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Durkan, Best
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Mayor Durkan, Chief Best lay out proposal for ‘reenvisioning’ of SPD’s budget

Mayor Jenny Durkan and Chief Carmen Best have announced their own plan for reworking Seattle’s police budget over the next year.

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The plan would move roughly $76 million in services out of SPD’s budget in 2021. Durkan and Best also vowed to oppose cuts from the city council they believe would “compromise SPD’s ability to provide service and safety to the residents and businesses of Seattle.”

“Chief Best and I believe we can build a new model for community safety in Seattle by reimagining our approach to policing and investing deeply in community,” Durkan said Monday.

The proposal involves a series of “common sense” measures designed to transfer “an initial set of SPD civilian functions” out of the department’s purview. That includes:

  • Moving $32 million out of SPD’s budget to have the city’s 911 call center operate outside of police control
  • Moving $13.7 million in civilian parking enforcement funding to place it under the control of the Seattle Department of Transportation
  • Moving $3.3 million to have the Office of Emergency Management (OEM) operate outside of the police department
  • Moving $4.5 million to have the Office of Police Accountability function under its own independent budget (while already functioning as an independent office, the OPA’s budget currently falls under SPD)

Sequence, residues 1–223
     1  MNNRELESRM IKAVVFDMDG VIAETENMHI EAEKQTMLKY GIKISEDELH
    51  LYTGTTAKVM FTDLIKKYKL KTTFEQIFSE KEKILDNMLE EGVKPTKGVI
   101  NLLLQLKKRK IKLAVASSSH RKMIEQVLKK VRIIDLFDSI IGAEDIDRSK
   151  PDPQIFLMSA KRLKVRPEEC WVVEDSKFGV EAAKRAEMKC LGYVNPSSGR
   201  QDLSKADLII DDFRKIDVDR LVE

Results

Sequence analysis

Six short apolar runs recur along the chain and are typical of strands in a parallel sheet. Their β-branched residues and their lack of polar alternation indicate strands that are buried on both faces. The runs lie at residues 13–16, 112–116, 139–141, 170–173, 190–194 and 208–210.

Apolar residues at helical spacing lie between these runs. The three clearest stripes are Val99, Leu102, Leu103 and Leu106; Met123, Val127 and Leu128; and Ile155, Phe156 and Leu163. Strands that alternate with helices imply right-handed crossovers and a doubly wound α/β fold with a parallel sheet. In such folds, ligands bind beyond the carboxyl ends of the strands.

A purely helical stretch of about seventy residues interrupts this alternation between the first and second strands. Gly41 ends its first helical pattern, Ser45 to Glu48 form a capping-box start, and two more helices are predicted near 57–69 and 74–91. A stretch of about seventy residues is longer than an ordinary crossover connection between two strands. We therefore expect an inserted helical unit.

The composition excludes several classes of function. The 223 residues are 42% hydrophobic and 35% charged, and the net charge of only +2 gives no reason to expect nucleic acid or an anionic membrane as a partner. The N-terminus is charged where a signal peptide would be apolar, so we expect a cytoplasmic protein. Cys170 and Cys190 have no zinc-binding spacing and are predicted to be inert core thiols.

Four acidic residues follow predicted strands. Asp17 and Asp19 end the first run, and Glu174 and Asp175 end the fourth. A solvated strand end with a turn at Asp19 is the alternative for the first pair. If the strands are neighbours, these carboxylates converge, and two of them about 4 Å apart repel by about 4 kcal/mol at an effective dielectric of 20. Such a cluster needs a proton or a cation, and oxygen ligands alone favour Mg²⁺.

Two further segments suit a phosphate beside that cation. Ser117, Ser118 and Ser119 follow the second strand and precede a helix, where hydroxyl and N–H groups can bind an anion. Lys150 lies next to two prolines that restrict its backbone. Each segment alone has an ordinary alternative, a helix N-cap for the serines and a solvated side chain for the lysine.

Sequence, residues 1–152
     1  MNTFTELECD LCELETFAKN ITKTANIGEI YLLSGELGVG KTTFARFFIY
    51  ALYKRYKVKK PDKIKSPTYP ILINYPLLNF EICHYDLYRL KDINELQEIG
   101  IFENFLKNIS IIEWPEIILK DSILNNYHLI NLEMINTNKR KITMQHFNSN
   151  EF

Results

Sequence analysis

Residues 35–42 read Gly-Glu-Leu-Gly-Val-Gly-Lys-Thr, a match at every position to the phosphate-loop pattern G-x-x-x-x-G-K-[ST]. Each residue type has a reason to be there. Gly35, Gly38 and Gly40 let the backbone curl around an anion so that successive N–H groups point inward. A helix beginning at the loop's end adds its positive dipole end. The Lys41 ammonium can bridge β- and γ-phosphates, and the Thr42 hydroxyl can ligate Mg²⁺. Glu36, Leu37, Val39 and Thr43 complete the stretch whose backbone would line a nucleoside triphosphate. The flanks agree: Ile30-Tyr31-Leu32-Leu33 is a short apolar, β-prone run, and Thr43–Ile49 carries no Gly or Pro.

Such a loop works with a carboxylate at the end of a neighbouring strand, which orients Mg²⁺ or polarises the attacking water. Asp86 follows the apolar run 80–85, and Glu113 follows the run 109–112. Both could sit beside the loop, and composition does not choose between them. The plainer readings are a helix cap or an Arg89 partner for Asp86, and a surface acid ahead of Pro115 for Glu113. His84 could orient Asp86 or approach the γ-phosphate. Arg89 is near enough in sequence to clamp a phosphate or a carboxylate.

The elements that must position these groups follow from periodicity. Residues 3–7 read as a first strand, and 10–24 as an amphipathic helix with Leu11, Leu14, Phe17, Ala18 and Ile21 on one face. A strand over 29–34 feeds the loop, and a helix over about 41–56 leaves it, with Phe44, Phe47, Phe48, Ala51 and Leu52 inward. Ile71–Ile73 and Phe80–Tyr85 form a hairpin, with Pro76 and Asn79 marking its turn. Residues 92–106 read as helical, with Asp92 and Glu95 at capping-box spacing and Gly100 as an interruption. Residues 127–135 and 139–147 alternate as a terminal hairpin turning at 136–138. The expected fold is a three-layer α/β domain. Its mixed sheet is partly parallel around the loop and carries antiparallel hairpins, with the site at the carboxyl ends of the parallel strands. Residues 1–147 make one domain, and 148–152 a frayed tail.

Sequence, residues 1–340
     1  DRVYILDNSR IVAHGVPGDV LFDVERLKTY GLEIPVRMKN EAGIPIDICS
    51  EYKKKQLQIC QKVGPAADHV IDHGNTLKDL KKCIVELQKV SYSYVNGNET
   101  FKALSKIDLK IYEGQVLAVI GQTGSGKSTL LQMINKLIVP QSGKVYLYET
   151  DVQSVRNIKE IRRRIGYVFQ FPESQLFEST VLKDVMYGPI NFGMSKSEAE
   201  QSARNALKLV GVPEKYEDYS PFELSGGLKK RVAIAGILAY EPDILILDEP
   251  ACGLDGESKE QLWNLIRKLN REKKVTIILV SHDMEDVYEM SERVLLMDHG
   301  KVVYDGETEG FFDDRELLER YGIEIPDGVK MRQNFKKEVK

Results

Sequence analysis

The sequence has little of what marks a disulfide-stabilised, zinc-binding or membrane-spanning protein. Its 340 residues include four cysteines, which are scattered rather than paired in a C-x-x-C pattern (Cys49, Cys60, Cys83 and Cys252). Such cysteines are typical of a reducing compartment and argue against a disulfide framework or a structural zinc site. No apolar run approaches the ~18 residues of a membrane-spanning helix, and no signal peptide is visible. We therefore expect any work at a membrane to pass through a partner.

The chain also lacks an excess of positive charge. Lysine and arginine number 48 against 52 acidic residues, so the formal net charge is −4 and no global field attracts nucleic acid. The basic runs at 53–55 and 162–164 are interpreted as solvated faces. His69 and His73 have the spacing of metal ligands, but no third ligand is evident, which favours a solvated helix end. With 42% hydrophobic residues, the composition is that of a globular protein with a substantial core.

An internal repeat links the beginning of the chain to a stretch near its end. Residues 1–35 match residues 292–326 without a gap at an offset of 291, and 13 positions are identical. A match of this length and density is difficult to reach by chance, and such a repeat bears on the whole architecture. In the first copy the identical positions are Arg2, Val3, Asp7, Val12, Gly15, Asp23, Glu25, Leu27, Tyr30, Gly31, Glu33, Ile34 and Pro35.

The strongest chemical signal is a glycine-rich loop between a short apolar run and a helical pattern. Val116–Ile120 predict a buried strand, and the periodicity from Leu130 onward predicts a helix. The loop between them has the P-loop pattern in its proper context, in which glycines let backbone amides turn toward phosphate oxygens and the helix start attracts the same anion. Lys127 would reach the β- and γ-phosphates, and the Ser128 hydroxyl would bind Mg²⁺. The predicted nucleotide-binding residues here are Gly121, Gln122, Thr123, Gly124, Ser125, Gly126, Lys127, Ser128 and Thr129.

For OEM and the 911 call center, Durkan and Chief Best are still assessing whether to move them into existing city departments, or have them each function independently.

The hope is to have 911 services function in a more specialized manner, including “a dedicated 911 line for shelters,” and expanding a city program to have mental health workers embedded with officers. That said, the mayor also noted that “building a new kind of 24/7 response network will take time.”

In terms of straight reductions, Durkan is proposing a cut of $20.5 million from SPD’s 2021 budget, including $13.7 million originally set aside for new hires, $4.1 million to leave 40 civilian staff positions vacant, and a $2.7 million cut in overtime spending for police at special events.

Durkan and Best both emphasized their opposition to a proposal from the Seattle City Council to cut SPD’s budget by as much as 50%. As of last week, a veto-proof majority of council members supports that proposal to halve the city’s police funding.

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“This new approach to community safety requires deep community engagement and thoughtful analysis. It cannot be accomplished by abolishing police or by a blunt cut of 50% with no alternative plan,” Durkan said. “I think this city needs to see us working together — we need to show that we can rise to this occasion and make meaningful and thoughtful change. Unfortunately, the council is approaching an alternative approach.”

“You can’t govern by Twitter or bumper sticker,” she added.

The council is currently favoring a joint proposal from King County Equity Now and Decriminalize Seattle, which would lays out a roadmap for sweeping 50% cuts to SPD, including a fully civilian-led 911 system modeled off of a similar program in Eugene, Oregon.

“That sounds like an easy political fix, but in reality it is far more complicated.,” Chief Best said of the council’s plan. “We need to come together and truly envision community safety.”

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